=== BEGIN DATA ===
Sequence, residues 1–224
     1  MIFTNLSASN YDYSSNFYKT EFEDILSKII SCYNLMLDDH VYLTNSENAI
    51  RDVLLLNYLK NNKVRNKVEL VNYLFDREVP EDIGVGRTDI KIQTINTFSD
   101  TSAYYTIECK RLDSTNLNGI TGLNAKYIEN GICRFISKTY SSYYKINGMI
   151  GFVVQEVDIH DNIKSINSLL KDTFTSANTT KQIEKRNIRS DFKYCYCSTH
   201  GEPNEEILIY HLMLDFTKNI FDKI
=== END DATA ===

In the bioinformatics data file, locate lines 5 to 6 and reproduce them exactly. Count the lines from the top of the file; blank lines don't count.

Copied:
   151  GFVVQEVDIH DNIKSINSLL KDTFTSANTT KQIEKRNIRS DFKYCYCSTH
   201  GEPNEEILIY HLMLDFTKNI FDKI